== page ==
These days new imaging technologies are being invented almost faster than practitioners can be trained in their use. Job opportunities vary, however, according to a candidate's experience and area of specialization. Overall, however, medical imaging is one of the fastest growing areas in healthcare.
Several years ago, Minnesota experienced a shortage of radiologic technologists, or rad techs. Since then schools have created new programs and increased enrollment. This means that new graduates may have a harder time finding a job simply because there are more of them, according to Allina recruiter Jerry Hotovec.
Jobs are plentiful for experienced techs. The market is good for those with training and experience in computed tomography (CT) and interventional radiology (IR). But the most highly sought-after techs are those trained and experienced in magnetic resonance imaging (MRI) - especially cardiovascular MRI. Also in demand are "multi-specialty imaging techs" with experience in X-ray, MRI and CT.
Nuclear medicine technologists administer radioactive drugs to patients by injection or mouth. The drugs contain unstable atoms that spontaneously emit radiation. The technologist traces signals emitted by the drugs, using a special digital camera. Abnormal areas show higher- or lower-than-expected concentrations of radioactivity.
The demand for experienced nuclear med techs is good, but new graduates may have a tougher time finding a job, according to Allina recruiter Michelle Majkrzak. New graduates should consider part-time opportunities and increase their hours as that becomes possible.
Sonography uses high frequency sound waves, or ultrasound, to examine organ systems and vascular structures. If an X-ray is like a snapshot, then an ultrasound exam is like a video. The quality of the exam depends on the skill and good judgment of the sonographer who "edits" the video, deciding which "freeze frame" images should be recorded for the doctor to examine.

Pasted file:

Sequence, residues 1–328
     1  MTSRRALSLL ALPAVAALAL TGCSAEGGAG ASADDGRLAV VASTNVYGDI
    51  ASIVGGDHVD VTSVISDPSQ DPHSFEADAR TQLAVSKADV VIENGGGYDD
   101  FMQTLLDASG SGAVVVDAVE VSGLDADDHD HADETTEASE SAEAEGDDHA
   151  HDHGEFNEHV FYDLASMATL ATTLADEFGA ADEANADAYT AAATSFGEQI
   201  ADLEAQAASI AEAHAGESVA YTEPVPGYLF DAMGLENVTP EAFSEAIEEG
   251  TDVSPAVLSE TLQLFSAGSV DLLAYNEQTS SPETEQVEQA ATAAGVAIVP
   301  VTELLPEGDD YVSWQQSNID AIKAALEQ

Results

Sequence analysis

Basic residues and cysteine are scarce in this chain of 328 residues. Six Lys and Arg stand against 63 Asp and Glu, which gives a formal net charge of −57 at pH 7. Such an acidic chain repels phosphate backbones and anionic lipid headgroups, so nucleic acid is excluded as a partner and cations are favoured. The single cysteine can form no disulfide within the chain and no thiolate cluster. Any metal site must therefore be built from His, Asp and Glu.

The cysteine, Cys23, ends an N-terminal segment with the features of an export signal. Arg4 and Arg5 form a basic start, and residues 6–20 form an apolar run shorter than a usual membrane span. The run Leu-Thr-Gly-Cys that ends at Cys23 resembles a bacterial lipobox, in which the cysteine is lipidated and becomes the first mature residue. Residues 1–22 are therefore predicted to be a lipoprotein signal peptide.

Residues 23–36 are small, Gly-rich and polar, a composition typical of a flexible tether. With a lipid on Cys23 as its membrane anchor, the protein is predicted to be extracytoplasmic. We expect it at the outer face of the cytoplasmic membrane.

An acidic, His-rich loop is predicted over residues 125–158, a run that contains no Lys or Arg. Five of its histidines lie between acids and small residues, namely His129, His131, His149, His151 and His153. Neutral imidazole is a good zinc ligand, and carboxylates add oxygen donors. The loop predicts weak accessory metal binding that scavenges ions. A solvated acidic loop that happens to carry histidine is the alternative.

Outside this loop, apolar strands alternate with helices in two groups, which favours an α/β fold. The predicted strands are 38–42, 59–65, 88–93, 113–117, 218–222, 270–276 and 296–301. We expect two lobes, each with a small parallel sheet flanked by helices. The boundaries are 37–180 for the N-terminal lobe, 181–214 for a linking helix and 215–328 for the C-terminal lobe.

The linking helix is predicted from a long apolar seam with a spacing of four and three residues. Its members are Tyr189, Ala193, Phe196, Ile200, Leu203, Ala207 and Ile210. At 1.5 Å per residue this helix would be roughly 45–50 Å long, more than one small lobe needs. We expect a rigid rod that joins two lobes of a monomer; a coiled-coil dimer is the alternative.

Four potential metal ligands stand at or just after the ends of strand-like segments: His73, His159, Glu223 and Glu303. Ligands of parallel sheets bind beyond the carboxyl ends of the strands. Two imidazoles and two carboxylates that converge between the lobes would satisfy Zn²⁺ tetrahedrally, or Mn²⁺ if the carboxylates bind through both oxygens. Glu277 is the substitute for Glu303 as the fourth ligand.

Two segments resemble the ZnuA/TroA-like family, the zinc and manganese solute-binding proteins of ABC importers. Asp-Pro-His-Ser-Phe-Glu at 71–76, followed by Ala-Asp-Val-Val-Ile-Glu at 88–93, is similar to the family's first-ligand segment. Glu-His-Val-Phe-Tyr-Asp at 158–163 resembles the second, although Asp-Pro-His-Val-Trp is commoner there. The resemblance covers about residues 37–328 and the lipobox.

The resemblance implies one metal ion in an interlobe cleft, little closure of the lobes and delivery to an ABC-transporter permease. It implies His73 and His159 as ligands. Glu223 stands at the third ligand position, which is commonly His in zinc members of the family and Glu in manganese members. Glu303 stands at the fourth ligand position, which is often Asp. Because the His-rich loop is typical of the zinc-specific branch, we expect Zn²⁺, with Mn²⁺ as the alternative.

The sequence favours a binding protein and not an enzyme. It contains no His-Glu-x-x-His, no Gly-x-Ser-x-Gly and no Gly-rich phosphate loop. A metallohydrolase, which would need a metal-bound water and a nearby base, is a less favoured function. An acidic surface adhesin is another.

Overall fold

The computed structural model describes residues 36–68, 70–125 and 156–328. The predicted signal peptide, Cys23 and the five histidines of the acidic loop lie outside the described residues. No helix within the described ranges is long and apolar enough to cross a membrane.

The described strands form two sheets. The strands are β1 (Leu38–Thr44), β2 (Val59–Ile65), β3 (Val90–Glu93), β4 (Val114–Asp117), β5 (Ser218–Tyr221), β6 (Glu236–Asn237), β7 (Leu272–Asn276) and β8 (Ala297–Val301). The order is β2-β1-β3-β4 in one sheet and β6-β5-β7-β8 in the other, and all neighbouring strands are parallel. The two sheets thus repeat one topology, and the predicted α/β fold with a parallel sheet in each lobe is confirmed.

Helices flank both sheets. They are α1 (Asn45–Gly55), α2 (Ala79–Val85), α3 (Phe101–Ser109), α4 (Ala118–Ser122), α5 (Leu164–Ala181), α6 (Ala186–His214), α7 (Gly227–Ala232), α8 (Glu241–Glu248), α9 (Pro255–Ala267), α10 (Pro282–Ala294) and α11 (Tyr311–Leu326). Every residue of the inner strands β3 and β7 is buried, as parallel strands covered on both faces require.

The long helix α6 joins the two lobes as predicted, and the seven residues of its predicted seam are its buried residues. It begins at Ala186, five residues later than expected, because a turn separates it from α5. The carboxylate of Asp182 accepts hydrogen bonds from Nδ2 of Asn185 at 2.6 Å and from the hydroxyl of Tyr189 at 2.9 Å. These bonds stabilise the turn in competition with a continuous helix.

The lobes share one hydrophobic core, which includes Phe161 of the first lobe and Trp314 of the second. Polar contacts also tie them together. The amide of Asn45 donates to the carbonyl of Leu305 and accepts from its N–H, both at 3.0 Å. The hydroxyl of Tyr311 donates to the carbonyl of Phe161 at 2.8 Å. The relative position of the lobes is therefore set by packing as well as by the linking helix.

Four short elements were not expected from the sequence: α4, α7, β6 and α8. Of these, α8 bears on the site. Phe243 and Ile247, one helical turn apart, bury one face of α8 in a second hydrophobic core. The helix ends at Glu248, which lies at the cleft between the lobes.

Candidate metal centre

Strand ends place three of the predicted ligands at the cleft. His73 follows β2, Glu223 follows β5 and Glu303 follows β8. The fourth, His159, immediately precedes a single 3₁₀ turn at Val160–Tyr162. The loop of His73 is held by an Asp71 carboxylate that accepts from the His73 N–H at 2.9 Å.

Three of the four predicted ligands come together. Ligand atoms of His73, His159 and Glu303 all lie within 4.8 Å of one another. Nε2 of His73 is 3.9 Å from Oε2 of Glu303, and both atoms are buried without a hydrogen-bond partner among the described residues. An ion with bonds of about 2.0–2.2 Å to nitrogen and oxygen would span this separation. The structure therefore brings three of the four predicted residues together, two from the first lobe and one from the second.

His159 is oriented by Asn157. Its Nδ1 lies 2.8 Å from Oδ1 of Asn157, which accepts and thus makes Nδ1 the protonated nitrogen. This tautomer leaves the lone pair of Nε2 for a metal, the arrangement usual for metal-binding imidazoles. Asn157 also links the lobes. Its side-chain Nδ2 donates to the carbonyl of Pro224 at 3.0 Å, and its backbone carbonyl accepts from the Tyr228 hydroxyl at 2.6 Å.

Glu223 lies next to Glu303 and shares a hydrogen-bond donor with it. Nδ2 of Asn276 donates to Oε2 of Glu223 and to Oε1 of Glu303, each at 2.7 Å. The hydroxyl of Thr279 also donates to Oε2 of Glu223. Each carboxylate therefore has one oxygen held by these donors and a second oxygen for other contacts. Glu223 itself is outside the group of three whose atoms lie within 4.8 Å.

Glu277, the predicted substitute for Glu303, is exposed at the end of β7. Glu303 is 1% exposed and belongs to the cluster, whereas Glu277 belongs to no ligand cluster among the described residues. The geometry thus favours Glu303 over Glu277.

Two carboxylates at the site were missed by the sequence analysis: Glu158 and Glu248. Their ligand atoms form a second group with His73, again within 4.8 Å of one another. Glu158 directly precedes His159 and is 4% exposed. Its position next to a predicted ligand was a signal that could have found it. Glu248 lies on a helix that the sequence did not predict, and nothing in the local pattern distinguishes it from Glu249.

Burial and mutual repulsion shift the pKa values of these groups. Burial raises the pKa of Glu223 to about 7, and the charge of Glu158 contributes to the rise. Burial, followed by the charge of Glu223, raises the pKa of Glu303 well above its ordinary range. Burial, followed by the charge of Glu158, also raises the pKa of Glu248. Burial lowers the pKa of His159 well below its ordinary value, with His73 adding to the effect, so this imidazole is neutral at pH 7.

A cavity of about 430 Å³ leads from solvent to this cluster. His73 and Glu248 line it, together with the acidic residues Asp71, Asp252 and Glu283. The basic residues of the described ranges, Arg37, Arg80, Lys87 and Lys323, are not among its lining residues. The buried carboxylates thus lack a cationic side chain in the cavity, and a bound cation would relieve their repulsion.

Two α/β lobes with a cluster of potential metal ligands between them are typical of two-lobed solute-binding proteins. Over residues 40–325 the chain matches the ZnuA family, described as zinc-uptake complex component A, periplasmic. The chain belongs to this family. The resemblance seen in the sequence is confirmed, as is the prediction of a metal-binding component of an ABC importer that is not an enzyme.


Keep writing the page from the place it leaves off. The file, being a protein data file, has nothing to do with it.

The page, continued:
"Sonographers with cardiac, vascular or perinatal experience are in demand," Majkrzak says. For new graduates, however, finding that first job may take a while.
Finding That First Job
Although the market for new graduates is currently tight, openings in all areas of imaging do exist, and the field continues to expand. Hotovec advises imaging students to get a job as a radiology assistant while they're still in school. Assistants restock supplies, transport patients and help position patients for X-rays. They gain valuable experience plus a chance to prove themselves to a potential employer.
"Even if they don't work in their field of specialization, managers in the imaging department will get to know their work," Hotovec says. He advises recent graduates to "leverage their clinical experience." That means including it on their résumé and describing exactly what they did. This is especially important if they apply to the same hospital where they did their clinical training.
The future of medical imaging is bright, according to Jane Renken, Allina's manager of strategic sourcing. "The imaging technology of the future is still being invented. For imaging professionals, part of the job will be ongoing training at the employer's expense. There will be great opportunity for those working in the field," she says.
Nancy Giguere is a freelance writer from St. Paul who has written about healthcare since 1995.